Storytelling around the Museum of Witchcraft
The skeleton of Joan Wytte, or the Fighting Fairy Woman of Bodmin, was displayed in the Museum of Witchcraft in Cornwall in the UK for several decades until her eventual burial in nearby woodland in the autumn of 1999. Her story has been deployed as a critical historical source and a demonstrable link between Cornwall and magical histories. It is well established that the past is recorded and represented through narratives, artefacts and events in multiple and diverse ways, and museums are often idealised sites for historical knowledge. Historicity is contingent on current needs and agendas, and often contested. Through retelling over time certain elements are highlighted or downplayed. Since the burial, the life and death of Joan Wytte has become vividly invested with new meanings as her story becomes incorporated into the landscapes of folklore, Cornish histories and magical practices.
Kathryn T. Gines
Is Jean-Paul Sartre to be credited for Richard Wright's existentialist leanings? This essay argues that while there have been noteworthy philosophical exchanges between Jean-Paul Sartre, Simone de Beauvoir, and Richard Wright, we can find evidence of Wright's philosophical and existential leanings before his interactions with Sartre and Beauvoir. In particular, Wright's short story "The Man Who Lived Underground" is analyzed as an existential, or Black existential, project that is published before Wright met Sartre and/or read his scholarship. Existentialist themes that emerge from Wright's short story include flight, guilt, life, death, dread, and freedom. Additionally, it is argued that "The Man Who Lived Underground" offers a reversal of the prototypical allegory of the cave that we find in the Western (ancient Greek) philosophical tradition. The essay takes seriously the significance of the intellectual exchanges between Sartre, Beauvoir, and Wright while also highlighting Wright's own philosophical legacy.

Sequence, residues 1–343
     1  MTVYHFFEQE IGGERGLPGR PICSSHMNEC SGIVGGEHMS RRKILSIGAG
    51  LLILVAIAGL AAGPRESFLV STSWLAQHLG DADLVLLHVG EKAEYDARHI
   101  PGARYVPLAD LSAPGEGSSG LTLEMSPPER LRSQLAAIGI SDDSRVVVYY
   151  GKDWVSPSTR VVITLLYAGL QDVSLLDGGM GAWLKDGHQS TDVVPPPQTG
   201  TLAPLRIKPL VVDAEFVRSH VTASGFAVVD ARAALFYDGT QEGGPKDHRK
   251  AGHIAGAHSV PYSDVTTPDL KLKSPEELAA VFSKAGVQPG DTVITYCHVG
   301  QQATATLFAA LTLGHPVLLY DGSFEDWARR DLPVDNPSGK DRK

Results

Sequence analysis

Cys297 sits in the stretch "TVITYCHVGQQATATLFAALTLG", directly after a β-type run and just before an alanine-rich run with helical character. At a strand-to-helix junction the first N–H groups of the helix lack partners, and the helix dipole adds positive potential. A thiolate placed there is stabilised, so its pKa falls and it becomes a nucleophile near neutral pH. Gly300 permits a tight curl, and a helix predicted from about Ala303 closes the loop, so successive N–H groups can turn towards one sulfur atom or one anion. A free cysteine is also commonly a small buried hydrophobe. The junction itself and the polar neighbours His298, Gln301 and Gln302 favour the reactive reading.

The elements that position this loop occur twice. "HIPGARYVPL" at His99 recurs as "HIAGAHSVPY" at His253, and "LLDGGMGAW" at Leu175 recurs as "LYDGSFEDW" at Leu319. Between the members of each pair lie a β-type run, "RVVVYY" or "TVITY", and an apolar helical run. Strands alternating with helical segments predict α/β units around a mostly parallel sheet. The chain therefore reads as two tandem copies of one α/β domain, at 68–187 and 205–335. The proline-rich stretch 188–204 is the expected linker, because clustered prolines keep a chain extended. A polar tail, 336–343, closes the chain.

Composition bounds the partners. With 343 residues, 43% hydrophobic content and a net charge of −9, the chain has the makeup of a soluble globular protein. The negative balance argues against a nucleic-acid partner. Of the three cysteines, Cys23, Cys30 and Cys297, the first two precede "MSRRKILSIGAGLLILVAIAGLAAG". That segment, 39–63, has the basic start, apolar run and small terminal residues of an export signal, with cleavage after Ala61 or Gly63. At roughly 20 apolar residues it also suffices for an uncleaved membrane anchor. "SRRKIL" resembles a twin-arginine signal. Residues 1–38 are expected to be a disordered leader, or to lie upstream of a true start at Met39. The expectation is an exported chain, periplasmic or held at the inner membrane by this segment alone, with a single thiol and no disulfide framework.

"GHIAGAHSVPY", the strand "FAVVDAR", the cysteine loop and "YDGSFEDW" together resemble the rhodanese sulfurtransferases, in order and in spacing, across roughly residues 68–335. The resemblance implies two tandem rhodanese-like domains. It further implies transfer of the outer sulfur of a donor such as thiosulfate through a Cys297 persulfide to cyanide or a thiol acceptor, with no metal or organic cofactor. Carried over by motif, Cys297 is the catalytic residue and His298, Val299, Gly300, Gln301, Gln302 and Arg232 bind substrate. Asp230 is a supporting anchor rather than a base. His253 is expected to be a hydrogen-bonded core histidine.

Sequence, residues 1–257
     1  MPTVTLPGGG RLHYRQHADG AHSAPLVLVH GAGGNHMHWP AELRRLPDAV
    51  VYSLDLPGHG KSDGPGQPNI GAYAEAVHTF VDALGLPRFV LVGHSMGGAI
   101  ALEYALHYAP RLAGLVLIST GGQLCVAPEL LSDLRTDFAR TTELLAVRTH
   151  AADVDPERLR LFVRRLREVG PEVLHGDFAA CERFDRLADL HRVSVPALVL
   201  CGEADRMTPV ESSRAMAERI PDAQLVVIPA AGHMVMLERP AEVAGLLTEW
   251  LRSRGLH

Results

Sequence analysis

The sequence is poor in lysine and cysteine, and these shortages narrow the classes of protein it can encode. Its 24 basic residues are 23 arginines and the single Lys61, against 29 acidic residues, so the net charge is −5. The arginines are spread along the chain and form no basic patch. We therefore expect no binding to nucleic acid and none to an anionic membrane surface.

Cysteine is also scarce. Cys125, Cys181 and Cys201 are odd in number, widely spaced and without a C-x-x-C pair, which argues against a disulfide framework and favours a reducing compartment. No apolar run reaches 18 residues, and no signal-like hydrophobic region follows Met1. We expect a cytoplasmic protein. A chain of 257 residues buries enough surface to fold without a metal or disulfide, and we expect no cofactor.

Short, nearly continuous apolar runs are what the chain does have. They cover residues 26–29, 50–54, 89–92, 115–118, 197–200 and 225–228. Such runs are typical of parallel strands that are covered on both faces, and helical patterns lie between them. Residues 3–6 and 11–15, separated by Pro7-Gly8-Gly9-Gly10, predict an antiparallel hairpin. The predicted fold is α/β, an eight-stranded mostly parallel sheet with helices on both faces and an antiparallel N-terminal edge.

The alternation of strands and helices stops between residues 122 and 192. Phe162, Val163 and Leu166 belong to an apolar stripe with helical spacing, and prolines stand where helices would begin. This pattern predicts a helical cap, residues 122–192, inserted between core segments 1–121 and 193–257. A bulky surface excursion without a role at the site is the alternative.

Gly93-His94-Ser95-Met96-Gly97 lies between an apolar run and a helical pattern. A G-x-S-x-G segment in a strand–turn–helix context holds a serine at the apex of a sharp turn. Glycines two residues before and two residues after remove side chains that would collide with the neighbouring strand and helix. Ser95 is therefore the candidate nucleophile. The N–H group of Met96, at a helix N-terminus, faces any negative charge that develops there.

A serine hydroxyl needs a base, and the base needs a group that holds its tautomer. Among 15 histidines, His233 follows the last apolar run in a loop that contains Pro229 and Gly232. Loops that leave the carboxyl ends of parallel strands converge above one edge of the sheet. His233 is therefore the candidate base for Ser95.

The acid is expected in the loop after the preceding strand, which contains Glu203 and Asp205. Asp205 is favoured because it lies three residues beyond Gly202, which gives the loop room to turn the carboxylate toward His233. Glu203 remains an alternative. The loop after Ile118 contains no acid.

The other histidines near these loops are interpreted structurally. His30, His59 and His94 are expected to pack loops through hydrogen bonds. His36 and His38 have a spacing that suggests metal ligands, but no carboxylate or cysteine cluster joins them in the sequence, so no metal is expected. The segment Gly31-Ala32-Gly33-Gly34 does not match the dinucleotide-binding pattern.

Publications, Films and Conferences
Manijeh Nasrabadi, Maryam Aras, Alexander Djumaev, Sina Zekavat, Mary Elaine Hegland, Rosa Holman and Amina Tawasil
Keith Feldman (2015), A Shadow Over Palestine: The Imperial Life of Race in America
Fariba Vafi (2015), Tarlan
Merchant, Tanya (2015), Women Musicians of Uzbekistan: From Courtyard to Conservatory
Marwa Al-Sabouni (2016), The Battle for Home: The Vision of a Young Architect in Syria
Roxanne Varzi (2016), Last Scene Underground: An Ethnographic Novel of Iran
Marsha Emerman, On the Banks of the Tigris: The Hidden Story of Iraqi Music
Conference of Commission on Anthropology of the Middle East of the IUAES (International Union of Anthropological and Ethnological Sciences), 7–9 August 2016, Cracow, Poland
A major intervention of mobility studies has been to suggest a new framework for the writing of history. Recent studies of diasporic Indian Ocean communities and trans-Pacific labor migration have shown that mobility history can open the door to histories of mobile subjects rather than static nations and, in the process, lead the way toward a transmodal and transnational research agenda. This article considers what the history of mobility has to offer to the modern history of transport and social life in the Japanese archipelago, which has most often been used to tell the story of the development of the modern Japanese nation-state.
Repairing Jewish Life in the Former Soviet Union
I have shared with you stories about the Torah: the Torah that was forbidden to have at home, held captive behind the glass in the Museum of Atheism, whose blessing was unknown to even the learned leaders, that was almost ripped and whose letters once faded are now being filled in by the loving and determined hands of a new generation – letters from our holy language being written for the first time by Jewish children. Together, we have a holy opportunity to partner with the Jews of the FSU to write the next chapter in the Torah of Life of our people.